The judgment is available at: C-484/17
From 17 March 1995 to 25 July 2015, the applicant (K) had held a residence permit to reside with her spouse, a third country national. K lodged an application to change that permit into an extended residence permit. The respondent State Secretary for Security and Justice rejected that application on the ground that K had not proved that she had passed, was not subject to, or had been exempted from, the civil integration requirement, namely a civic integration test on the language and society of that member state.
He also withdrew K's residence permit to reside with a spouse with retroactive effect to 19 August 2011 on the ground that, from that date, she had no longer living been at the same address as her spouse. Following a complaint lodged by K, by decision of 21 December 2016, the respondent reaffirmed his initial decision. Following the dismissal of K's action against that decision, K appealed to the Council of State, Netherlands (the referring court).
In the light of the transmission, enclosed in an annex to the application in the appeal proceedings, of a statement from the Education Executive Agency, Netherlands, finding that K had attempted, at least four times, to pass the civic integration examination and that she had been present at more than 600 hours of the civic integration course, the respondent granted K an autonomous residence permit as of 20 April 2017. Nevertheless, the respondent reaffirmed the withdrawal of K's residence permit to reside with a spouse with retroactive effect to 19 August 2011.
The referring court harboured doubts as to the compatibility of the civic integration requirement laid down in the Dutch legislation with art 15 of Council Directive (EC) 2003/86 (the Directive), which provided that, not later than after five years of residence, and provided that the family member had not been granted a residence permit for reasons other than family reunification, the spouse or unmarried partner and a child who had reached majority was to be entitled, upon application, if required, to an autonomous residence permit, independent of that of the sponsor. Pursuant to art 15(4), the conditions relating to the granting and duration of that residence permit were established by national law.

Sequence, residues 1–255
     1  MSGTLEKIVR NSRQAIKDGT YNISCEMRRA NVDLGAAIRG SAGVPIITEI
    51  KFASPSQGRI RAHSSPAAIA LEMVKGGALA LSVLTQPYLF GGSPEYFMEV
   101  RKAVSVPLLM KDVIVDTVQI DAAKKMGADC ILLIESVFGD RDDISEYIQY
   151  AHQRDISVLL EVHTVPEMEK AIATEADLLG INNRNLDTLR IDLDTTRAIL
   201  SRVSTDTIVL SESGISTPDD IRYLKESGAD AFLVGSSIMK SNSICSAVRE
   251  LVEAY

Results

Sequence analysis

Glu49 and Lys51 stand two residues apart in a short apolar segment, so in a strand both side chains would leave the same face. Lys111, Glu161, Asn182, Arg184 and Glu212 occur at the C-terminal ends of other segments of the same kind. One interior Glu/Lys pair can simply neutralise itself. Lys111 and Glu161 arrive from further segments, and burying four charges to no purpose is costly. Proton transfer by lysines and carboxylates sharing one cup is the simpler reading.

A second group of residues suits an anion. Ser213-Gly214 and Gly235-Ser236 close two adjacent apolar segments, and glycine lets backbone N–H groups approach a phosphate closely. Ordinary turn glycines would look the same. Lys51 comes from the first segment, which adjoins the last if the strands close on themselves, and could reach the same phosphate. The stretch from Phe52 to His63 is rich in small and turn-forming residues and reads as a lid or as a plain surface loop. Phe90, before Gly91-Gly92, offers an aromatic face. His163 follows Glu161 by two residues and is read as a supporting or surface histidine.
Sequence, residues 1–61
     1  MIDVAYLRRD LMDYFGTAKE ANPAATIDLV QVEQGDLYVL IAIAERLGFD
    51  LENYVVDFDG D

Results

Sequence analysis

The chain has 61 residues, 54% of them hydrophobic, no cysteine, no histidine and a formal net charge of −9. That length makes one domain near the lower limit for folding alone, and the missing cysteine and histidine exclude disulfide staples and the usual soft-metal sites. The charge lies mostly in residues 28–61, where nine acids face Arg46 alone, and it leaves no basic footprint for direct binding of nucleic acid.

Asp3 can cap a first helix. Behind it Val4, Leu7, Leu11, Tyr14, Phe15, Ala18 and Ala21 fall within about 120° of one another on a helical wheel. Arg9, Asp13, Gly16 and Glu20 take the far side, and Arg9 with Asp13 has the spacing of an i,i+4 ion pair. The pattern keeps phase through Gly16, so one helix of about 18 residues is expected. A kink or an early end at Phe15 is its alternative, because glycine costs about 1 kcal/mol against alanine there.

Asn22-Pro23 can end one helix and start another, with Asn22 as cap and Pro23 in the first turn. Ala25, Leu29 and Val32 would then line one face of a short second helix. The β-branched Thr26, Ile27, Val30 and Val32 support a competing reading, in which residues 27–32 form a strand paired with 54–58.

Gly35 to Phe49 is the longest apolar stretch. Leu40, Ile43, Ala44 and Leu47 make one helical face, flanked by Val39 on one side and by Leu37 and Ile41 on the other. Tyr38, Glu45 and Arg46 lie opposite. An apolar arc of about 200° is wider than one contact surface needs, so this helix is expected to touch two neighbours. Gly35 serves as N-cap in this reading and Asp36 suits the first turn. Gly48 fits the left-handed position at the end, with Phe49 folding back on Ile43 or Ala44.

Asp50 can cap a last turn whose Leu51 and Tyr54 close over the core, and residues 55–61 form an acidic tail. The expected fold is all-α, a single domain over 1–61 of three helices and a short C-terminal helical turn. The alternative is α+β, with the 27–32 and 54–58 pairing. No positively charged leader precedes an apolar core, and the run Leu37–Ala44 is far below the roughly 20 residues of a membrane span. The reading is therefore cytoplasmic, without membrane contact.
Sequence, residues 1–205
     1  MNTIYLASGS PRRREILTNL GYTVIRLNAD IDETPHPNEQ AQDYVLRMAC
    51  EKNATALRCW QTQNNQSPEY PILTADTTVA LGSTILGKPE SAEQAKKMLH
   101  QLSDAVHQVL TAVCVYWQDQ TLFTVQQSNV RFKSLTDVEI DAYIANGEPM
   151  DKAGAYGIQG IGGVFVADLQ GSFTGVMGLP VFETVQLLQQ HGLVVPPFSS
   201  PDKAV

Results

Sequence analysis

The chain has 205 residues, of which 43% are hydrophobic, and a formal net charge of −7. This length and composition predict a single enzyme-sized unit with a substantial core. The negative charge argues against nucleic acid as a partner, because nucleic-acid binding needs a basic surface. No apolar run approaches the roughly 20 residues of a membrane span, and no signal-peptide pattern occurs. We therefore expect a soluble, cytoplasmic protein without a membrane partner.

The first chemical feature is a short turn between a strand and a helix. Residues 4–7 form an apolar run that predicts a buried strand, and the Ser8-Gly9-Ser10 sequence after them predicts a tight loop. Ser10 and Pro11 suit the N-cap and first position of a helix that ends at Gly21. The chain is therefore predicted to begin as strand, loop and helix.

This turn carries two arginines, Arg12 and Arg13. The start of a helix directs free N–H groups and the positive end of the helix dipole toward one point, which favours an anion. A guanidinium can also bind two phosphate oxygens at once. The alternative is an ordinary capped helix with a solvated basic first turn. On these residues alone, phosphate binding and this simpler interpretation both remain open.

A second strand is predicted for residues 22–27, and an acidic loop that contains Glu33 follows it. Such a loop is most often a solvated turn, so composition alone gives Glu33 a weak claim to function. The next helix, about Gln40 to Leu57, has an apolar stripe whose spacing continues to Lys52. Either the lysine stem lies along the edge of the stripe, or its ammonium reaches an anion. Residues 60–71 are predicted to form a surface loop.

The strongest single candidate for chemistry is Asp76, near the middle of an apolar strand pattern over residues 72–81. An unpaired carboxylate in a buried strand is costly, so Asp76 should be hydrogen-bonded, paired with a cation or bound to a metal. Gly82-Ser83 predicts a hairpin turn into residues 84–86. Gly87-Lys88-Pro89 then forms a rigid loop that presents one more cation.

In those circumstances, the referring court stayed the proceedings and referred a question to the Court of Justice of the European Union (the Court) for a preliminary ruling.
Issues and decisions
Whether art 15(1) and (4) of the Directive precluded national legislation, such as that at issue in the main proceedings, which permitted an application for an autonomous residence permit, lodged by a third country national who had resided over five years in a member state by virtue of family reunification, to be rejected on the ground that he had not shown that he had passed a civic integration test on the language and society of that member state.
It followed from a combined reading of art 15(1) and (4) of the Directive that, although issuing an autonomous residence permit was, in principle, an entitlement arising from five years of residence in a member state by virtue of family reunification, the EU legislature nevertheless authorised the member states to subject the grant of such a permit to certain conditions, which it left to be defined by the member states. It also followed from the Court's caselaw that it could not be ruled out that member state could subject the grant of an autonomous residence permit to passing a civic integration examination on the language and society of that member state. However, it was clear from that caselaw that the requirement to pass such an examination imposed by national legislation, such as that at issue in the main proceedings, could not legitimately go beyond what was necessary to attain the objective of facilitating the integration of the third country nationals concerned, which was for the referring court to ascertain (see -21] of the judgment).
For that purpose, the referring court should ensure, in particular, that the knowledge required to pass the civic integration examination was at a basic level, that the condition imposed by the national legislation did not lead to an autonomous residence permit not being granted to third country nationals who had demonstrated their willingness to pass the examination and had made every effort to achieve that objective, that due account was taken of specific individual circumstances and that the fees relating to that examination were not excessive (see  of the judgment).
Preliminary ruling determined.
Neneh Munu Barrister.